However, I recommend visiting those on your own and instead, joining the Wild West Adventure Tour which offers a wagon ride on a buffalo farm that gets you up close enough to the animals you can smell them. You will also get to see a Soddie – a house made by early pioneers from chunks of prairie grass. It finishes off by getting to explore the ghost town of Wayne.
Disclosure: I myself did not do either of these tours simply because it’s hard to write a blog and provide practical information when a guide does all the work. However, I really see the appeal to letting someone else do the planning and hard work for you. You are on holiday after all.
Both of the tours costs $60 CAD for adults, $48 CAD for teens, and just $4 CAD for kids ages 3-12.
17. Eat a burger at Bernie and the Boys
Bernie and the Boys Bistro is the place for a quick bite to eat in Drumheller. Milkshakes are a weakness of mine, and Bernie’s offers 75 flavors – the most flavors of anywhere I have ever been!
Some of the more unique choices are Red Pepper, Orchid, and French Croissant. I have to say, not all of them sounded appetizing but are worth a try for the brave. I had the Swiss Chocolate Almond and was happy with my choice.
Bernie and the Boys is known for its giant mammoth burger made with a 24oz Alberta beef patty. But there are many other great options available on the menu if your stomach is not quite that big. Personally, I love the bacon cheeseburger and I usually get a single because the double and triple are too much for me.
The restaurant is within walking distance of the world’s largest dinosaur and is a must-visit for burger and milkshake lovers!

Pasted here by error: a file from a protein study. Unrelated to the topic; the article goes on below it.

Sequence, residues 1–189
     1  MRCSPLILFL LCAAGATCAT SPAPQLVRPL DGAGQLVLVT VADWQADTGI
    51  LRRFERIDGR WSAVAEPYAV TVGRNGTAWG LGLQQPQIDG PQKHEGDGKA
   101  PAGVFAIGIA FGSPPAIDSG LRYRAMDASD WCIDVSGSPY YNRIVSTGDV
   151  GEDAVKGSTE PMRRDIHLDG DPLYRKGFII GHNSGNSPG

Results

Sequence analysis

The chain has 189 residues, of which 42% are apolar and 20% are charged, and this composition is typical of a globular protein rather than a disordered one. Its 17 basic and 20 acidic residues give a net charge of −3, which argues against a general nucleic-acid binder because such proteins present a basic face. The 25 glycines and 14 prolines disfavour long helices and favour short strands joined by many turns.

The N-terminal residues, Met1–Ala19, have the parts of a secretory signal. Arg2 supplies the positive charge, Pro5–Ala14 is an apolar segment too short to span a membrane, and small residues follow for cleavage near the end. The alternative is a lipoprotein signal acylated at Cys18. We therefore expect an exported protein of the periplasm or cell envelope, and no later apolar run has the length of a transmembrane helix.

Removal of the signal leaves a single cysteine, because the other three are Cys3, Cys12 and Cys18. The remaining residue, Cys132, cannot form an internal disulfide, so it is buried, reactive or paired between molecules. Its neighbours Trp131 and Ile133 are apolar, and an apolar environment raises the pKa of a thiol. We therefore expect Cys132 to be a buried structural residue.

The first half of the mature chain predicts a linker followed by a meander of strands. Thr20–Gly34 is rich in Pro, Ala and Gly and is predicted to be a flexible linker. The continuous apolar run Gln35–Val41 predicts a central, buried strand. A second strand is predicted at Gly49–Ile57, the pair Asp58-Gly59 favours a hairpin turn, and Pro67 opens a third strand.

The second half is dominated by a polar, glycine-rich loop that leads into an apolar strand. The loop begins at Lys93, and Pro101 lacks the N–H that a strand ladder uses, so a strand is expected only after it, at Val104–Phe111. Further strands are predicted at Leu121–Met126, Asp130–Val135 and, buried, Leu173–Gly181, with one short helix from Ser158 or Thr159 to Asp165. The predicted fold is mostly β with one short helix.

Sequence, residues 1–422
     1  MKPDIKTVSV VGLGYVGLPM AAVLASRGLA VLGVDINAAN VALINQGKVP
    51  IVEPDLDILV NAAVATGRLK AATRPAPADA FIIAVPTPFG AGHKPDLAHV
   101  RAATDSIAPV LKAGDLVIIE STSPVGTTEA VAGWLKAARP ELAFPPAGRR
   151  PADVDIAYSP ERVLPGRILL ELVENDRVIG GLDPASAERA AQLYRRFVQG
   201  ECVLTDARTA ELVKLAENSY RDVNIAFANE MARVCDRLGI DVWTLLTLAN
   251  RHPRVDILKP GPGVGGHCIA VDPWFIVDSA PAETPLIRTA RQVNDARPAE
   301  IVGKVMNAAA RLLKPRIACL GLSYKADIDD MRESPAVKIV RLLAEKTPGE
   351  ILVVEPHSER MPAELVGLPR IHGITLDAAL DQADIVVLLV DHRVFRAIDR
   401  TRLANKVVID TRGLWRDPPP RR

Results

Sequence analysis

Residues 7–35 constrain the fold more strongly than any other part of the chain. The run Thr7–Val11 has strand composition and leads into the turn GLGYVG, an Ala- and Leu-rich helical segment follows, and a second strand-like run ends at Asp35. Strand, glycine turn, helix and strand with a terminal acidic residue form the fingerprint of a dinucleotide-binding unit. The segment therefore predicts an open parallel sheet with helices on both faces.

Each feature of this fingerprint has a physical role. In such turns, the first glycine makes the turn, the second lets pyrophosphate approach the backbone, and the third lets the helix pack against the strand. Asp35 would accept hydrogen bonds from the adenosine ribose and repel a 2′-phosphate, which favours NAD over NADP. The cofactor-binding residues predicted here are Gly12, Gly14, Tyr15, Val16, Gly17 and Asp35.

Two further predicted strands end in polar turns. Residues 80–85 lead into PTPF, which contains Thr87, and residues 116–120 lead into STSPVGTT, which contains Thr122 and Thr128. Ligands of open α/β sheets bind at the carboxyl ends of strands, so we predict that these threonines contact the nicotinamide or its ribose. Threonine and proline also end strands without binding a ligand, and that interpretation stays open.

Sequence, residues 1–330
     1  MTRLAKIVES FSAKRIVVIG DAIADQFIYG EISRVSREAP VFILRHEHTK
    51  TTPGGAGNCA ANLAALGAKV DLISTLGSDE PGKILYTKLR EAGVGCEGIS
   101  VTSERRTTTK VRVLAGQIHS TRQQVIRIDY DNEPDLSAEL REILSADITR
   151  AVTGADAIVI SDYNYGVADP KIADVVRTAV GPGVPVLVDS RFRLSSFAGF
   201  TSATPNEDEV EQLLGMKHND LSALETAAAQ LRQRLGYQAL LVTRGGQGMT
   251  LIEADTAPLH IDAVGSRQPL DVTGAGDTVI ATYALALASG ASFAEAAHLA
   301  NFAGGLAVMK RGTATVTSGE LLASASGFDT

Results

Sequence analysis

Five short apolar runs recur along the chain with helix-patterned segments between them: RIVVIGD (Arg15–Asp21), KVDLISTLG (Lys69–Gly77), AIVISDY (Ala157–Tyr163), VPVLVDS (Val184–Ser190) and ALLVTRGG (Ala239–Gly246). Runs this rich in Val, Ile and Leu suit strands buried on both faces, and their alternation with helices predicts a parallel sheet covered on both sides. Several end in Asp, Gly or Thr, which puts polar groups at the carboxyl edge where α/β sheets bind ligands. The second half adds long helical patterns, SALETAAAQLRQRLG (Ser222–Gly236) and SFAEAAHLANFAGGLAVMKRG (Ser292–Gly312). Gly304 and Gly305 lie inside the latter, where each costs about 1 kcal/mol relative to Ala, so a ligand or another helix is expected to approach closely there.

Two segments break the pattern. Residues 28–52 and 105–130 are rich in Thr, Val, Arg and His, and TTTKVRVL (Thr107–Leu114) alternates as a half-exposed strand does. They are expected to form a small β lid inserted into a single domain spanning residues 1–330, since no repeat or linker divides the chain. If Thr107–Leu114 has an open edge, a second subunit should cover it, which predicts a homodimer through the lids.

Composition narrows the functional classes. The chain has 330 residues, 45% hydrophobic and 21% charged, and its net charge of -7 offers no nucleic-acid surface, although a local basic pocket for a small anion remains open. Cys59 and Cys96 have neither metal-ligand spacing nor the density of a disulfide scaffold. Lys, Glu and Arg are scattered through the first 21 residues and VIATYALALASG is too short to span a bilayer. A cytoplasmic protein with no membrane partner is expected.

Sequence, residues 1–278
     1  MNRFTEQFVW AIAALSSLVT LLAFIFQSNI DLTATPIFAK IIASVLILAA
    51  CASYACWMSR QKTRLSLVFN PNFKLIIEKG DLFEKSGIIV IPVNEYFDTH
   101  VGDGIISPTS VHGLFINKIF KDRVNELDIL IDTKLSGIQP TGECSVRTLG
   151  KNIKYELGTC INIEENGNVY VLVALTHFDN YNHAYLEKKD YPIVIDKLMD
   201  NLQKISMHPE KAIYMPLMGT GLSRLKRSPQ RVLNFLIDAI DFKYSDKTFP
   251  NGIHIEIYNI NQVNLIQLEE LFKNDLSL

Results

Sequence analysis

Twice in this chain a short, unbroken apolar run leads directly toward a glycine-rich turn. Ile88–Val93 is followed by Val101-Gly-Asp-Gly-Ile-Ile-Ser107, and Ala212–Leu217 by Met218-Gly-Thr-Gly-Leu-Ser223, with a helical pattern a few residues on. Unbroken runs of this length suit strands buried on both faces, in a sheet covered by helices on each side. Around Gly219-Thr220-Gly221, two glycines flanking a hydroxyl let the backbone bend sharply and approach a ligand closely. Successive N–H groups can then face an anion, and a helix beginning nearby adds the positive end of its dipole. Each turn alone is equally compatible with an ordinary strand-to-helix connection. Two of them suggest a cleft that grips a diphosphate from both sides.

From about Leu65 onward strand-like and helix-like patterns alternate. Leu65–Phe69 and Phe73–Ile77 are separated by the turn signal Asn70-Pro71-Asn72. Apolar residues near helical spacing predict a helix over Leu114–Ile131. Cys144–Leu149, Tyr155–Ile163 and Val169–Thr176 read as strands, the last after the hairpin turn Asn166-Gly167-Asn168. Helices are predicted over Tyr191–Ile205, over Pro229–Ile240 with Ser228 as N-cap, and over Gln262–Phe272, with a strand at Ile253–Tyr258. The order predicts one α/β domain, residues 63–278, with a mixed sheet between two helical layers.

18. Get scared at the Haunted Johnston House
If all the dinosaur-themed activities become too much, try booking a ghost tour of the Haunted Johnston House.
Several spirits reside in the home, including Dr. Bob, the master of the house. When on the tour, you are given the role of paranormal investigator and encouraged to interact with Dr. Bob using the investigative equipment provided.
Tours are $40 CAD per person and not recommended for anyone under 14 – it’s that scary. The Haunted Johnston House Tour is only available in the evening on weekends. To book the tour, check out their Facebook page.
19. Go antique shopping
Going antiquing is a guilty pleasure of mine and Drumheller offers several wonderful antique stores that allow me to indulge that pleasure. Neat Stuff Antiques and Collectables not only sell antiques, but they also sell repurposed items such as vintage wine barrels turned into wine racks that hang on the wall. I picked up a rustic bucket for my garden while I was there.
If you have time, pop into the Homestead Antique Museum to see over 10,000 artifacts of the original homesteaders to the Drumheller area. The Museum includes an Eaton’s Catalogue house. These homes were ordered from the Eaton’s Catalogue and shipped by rail across the country where they were assembled onsite.
20. Cool off at the Drumheller Spray Park
During the summer, Drumheller becomes a very hot dry place. I myself struggled with this because I spent much of my time camping in the area. Luckily, right next to the world’s largest dinosaur is the very busy Rotary Spray Park.
It is the best way to cool off on a hot day and even better, it is a free attraction in Drumheller! They are open from 9 am to 9 pm and there is free parking available on-site.
21. Eat breakfast at WHIFS Flapjack House
The best place for breakfast while staying in Drumheller is at WHIFS Flapjack House located inside the Badlands Motel. WHIFS is an acronym for waffles, hamburgers, ice cream, flapjacks, and salad – so you know exactly what is on the menu before you go in.